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7 Guidelines for Mastering Meditation

spiritualpracticeStereotypically associated with hippies, meditation is only recently receiving scientific documentation proving what practitioners of the craft have known all along.

Though difficult to master in the beginning, it is a practice now known to positively impact virtually all aspects of the modern life. Over 3,000 studies have shown correlations between meditation and lowered anxiety, improved sleep, better productivity, stronger memory and a decreased chance of suffering a heart attack.

Beyond this, it is also shown to help individuals make better business decisions and do better in school.

The most interesting part, however, is what the MRI reveals. After eight weeks of practicing, grey matter increases around the learning and memory part of the brain while it decreases around the anxiety and stress portion, proving the meditation has a physical impact as well.

Luckily, you don’t have to be a Tibetan monk to practice meditation. All it takes is the will to learn. Follow these simple guidelines.

1. A Tiny Amount of Time

All you need is 10 minutes every day. If you need help starting or figuring out what to do, there are some excellent beginning guides that break it down for you.

2. Lose the Distractions

It is absolutely necessary you find a place where you can be undisturbed for this 10 minute period. Turn off your phone or silence its notifications. Turn off all electronics. Lock the door. Do what you need in order to be left alone.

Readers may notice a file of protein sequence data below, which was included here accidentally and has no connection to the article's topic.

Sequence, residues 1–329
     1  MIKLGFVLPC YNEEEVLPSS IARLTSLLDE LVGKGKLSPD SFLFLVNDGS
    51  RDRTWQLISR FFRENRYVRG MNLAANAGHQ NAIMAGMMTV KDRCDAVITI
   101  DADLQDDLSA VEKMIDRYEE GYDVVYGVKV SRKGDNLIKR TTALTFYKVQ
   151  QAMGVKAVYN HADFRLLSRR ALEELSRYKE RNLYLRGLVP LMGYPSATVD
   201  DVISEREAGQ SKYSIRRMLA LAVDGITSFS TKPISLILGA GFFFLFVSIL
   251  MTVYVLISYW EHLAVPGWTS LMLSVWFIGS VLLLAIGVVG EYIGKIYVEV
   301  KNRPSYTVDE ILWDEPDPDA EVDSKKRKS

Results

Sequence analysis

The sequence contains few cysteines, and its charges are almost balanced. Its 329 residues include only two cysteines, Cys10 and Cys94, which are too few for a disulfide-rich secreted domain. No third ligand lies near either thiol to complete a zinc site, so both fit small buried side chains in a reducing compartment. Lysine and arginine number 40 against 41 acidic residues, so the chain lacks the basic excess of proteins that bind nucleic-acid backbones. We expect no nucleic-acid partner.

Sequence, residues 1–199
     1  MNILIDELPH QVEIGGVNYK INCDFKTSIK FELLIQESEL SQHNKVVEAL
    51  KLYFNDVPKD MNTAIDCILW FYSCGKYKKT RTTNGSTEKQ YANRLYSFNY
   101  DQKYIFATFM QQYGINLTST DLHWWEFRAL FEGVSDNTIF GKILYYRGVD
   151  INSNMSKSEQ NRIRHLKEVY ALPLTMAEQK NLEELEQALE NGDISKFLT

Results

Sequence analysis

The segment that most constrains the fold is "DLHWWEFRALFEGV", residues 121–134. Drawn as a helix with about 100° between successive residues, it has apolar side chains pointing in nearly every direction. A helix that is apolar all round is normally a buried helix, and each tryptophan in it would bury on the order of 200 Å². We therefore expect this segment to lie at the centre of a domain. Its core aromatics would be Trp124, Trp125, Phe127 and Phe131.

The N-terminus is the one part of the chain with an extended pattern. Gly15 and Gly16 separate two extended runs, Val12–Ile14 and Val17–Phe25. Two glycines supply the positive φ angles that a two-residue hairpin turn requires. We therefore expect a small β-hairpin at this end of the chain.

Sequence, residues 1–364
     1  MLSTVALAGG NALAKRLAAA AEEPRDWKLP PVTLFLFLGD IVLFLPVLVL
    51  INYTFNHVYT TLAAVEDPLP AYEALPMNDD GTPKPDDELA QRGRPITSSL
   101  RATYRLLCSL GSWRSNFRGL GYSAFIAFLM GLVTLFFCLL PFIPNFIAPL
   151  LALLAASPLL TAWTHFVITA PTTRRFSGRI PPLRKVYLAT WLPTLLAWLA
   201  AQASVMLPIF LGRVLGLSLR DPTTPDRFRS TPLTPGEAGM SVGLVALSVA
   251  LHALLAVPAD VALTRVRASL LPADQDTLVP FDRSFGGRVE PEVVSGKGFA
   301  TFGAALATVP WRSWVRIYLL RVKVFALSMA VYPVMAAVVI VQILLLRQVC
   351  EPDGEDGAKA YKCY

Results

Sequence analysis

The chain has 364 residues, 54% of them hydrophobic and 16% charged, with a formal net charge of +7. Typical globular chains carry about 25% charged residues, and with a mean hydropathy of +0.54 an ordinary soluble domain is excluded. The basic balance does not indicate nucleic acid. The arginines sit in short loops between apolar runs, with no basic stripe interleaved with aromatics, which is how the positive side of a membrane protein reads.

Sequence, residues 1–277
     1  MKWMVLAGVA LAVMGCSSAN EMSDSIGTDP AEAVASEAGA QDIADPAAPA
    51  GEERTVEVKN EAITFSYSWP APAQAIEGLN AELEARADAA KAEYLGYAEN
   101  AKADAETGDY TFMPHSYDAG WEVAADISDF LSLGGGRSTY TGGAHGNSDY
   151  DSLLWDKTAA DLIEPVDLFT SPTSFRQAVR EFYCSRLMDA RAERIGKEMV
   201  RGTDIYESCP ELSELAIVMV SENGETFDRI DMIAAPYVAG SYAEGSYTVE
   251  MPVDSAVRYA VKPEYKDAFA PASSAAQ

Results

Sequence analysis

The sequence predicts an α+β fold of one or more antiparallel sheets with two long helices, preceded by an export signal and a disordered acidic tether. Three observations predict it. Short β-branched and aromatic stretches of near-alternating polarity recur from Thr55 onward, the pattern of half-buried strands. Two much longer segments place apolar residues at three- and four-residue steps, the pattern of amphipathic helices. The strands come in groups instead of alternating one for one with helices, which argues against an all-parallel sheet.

3. Comfort is Key

While you should not lie down (snoozing is not aloud), you should find a comfortable position to sit in for 10 minutes. If crossing the legs on the floor is troublesome, sit upright in a chair with your hands resting on your legs and feet flat on the floor.

4. Easy Focus

Be it your breathing or a picture on the wall, pick one thing to focus on the entire time. This will help you return to the moment should your thoughts wander.

5. Wandering Mind?

Meditation is simply practicing controlling your thoughts. That being said, it will definitely want to head in different directions during your first few attempts. Simply acknowledge the thoughts trying to enter and go back to your focus. If this is hard, you may need to learn to quiet your mind through other means, or practice one minute mindfulness to begin with.

6.  Cool the Frustration

For many that are not in tune with their thoughts and emotions, meditation can lead to feelings of anger, frustration and boredom. These emotions are all okay. Embrace them for what they are – things everyone feels. Respect that they arrived and then get back to your focus.

7. Routine

Finally comes the hardest part, making meditation routine. Because sticking to something new is generally challenging, it works best if you attach it to something you already do on a regular basis. For instance, if you do a stretch routine following your workout, a quick meditation right after the stretch would be a perfect fit. You could even do it following your lunch on break.

When practice regularly, you’ll find yourself a master of your own mind in no time at all.

Read more at:

http://dailyburn.com/life/lifestyle/how-to-meditate-for-beginners/

7 Guidelines for Mastering Meditation


Mike Bundrant

Mike Bundrant is the author of Your Achilles Eel: Discover and Overcome the Hidden Cause of Negative Emotions, Bad Decisions and Self-Sabotage and co-founder at The iNLP Center which offers online certification in Neuro-Linguistic Programming and life coaching.


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APA Reference
Bundrant, M. (2019). 7 Guidelines for Mastering Meditation. Psych Central. Retrieved on January 24, 2020, from https://blogs.psychcentral.com/nlp/2016/01/7-guidelines-for-mastering-meditation/

 

Last updated: 27 Mar 2019
Statement of review: Psych Central does not review the content that appears in our blog network (blogs.psychcentral.com) prior to publication. All opinions expressed herein are exclusively those of the author alone, and do not reflect the views of the editorial staff or management of Psych Central. Published on PsychCentral.com. All rights reserved.